Tags

Type your tag names separated by a space and hit enter

Publication bias in foodborne outbreaks of infectious intestinal disease and its implications for evidence-based food policy. England and Wales 1992-2003.
Epidemiol Infect. 2006 Aug; 134(4):667-74.EI

Abstract

Systematic national surveillance of outbreaks of infectious intestinal disease (IID) was introduced in England and Wales in 1992 to provide comprehensive information on causative organisms, sources or vehicles of infection and modes of transmission. We compared information from this system with that published in the peer-reviewed literature between 1 January 1992 and 31 January 2003 to assess the potential effect of publication bias on food-safety policy. During the study period 1763 foodborne outbreaks of IID were reported to national surveillance. Fifty-five were published in the peer-reviewed literature. The peer-reviewed literature overestimated the impacts of milk/milk products, miscellaneous foods (e.g. sandwiches) and desserts and underestimated those of poultry, fish and shellfish, red meat/meat products and eggs/egg products. Without systematic surveillance, knowledge of causative organisms, sources or vehicles of infection and modes of transmission, as gleaned from the peer-reviewed literature, would potentially distort food-safety policy.

Authors+Show Affiliations

Division of Medicine and Neurosciences, University of Manchester, Manchester, UK. Sarah.O'Brien@manchester.ac.ukNo affiliation info availableNo affiliation info availableNo affiliation info availableNo affiliation info availableNo affiliation info available

Pub Type(s)

Journal Article
Review

Language

eng

PubMed ID

16420723

Citation

O'Brien, S J., et al. "Publication Bias in Foodborne Outbreaks of Infectious Intestinal Disease and Its Implications for Evidence-based Food Policy. England and Wales 1992-2003." Epidemiology and Infection, vol. 134, no. 4, 2006, pp. 667-74.
O'Brien SJ, Gillespie IA, Sivanesan MA, et al. Publication bias in foodborne outbreaks of infectious intestinal disease and its implications for evidence-based food policy. England and Wales 1992-2003. Epidemiol Infect. 2006;134(4):667-74.
O'Brien, S. J., Gillespie, I. A., Sivanesan, M. A., Elson, R., Hughes, C., & Adak, G. K. (2006). Publication bias in foodborne outbreaks of infectious intestinal disease and its implications for evidence-based food policy. England and Wales 1992-2003. Epidemiology and Infection, 134(4), 667-74.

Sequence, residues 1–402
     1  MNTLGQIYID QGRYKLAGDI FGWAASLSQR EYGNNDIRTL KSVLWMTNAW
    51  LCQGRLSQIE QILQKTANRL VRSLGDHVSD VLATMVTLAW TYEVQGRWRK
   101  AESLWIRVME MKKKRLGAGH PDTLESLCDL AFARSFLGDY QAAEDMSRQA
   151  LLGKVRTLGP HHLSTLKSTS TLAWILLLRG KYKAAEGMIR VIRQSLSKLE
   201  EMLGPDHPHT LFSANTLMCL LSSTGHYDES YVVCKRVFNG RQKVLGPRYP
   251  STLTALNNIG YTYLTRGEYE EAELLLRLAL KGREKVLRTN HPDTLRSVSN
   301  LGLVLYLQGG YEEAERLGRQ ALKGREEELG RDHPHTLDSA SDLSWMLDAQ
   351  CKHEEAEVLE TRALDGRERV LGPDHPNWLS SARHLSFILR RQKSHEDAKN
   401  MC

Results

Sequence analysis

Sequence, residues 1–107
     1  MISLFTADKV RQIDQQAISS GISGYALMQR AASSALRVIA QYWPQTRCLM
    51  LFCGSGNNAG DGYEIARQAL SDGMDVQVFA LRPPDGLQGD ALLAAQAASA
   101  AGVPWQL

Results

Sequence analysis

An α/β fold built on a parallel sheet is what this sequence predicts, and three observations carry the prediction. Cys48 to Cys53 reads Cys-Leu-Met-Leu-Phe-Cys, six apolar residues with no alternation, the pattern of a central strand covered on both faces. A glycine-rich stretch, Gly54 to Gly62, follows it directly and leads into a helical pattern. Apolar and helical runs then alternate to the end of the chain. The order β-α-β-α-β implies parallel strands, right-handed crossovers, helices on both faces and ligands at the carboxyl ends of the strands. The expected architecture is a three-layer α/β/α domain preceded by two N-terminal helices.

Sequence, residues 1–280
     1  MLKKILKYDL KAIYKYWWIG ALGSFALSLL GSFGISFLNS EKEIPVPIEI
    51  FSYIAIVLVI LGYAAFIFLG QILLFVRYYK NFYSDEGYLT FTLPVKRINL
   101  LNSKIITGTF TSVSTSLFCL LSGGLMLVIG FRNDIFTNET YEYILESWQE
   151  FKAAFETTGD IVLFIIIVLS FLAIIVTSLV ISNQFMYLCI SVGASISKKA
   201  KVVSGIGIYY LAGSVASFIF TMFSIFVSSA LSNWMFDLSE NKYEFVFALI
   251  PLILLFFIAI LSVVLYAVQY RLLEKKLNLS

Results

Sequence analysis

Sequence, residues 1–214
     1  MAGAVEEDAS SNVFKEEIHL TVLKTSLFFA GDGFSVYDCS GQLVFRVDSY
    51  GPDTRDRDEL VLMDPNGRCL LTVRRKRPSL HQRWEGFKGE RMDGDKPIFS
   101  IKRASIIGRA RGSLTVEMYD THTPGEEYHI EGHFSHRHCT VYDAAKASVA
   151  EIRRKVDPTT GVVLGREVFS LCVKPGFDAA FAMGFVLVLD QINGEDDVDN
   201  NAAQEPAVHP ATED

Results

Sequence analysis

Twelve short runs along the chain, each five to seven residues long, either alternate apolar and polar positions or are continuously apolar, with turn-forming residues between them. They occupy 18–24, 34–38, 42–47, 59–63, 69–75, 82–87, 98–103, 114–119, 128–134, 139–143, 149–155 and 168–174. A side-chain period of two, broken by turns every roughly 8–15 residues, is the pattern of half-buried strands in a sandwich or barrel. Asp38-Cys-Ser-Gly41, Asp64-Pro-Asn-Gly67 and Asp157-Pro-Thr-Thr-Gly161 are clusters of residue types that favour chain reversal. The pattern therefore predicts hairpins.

O'Brien SJ, et al. Publication Bias in Foodborne Outbreaks of Infectious Intestinal Disease and Its Implications for Evidence-based Food Policy. England and Wales 1992-2003. Epidemiol Infect. 2006;134(4):667-74. PubMed PMID: 16420723.
* Article titles in AMA citation format should be in sentence-case
TY - JOUR T1 - Publication bias in foodborne outbreaks of infectious intestinal disease and its implications for evidence-based food policy. England and Wales 1992-2003. AU - O'Brien,S J, AU - Gillespie,I A, AU - Sivanesan,M A, AU - Elson,R, AU - Hughes,C, AU - Adak,G K, Y1 - 2006/01/18/ PY - 2005/11/08/accepted PY - 2006/1/20/pubmed PY - 2006/9/1/medline PY - 2006/1/20/entrez SP - 667 EP - 74 JF - Epidemiology and infection JO - Epidemiol Infect VL - 134 IS - 4 N2 - Systematic national surveillance of outbreaks of infectious intestinal disease (IID) was introduced in England and Wales in 1992 to provide comprehensive information on causative organisms, sources or vehicles of infection and modes of transmission. We compared information from this system with that published in the peer-reviewed literature between 1 January 1992 and 31 January 2003 to assess the potential effect of publication bias on food-safety policy. During the study period 1763 foodborne outbreaks of IID were reported to national surveillance. Fifty-five were published in the peer-reviewed literature. The peer-reviewed literature overestimated the impacts of milk/milk products, miscellaneous foods (e.g. sandwiches) and desserts and underestimated those of poultry, fish and shellfish, red meat/meat products and eggs/egg products. Without systematic surveillance, knowledge of causative organisms, sources or vehicles of infection and modes of transmission, as gleaned from the peer-reviewed literature, would potentially distort food-safety policy. SN - 0950-2688 UR - https://www.unboundmedicine.com/medline/citation/16420723/Publication_bias_in_foodborne_outbreaks_of_infectious_intestinal_disease_and_its_implications_for_evidence_based_food_policy__England_and_Wales_1992_2003_ L2 - https://www.cambridge.org/core/product/identifier/S0950268805005765/type/journal_article DB - PRIME DP - Unbound Medicine ER -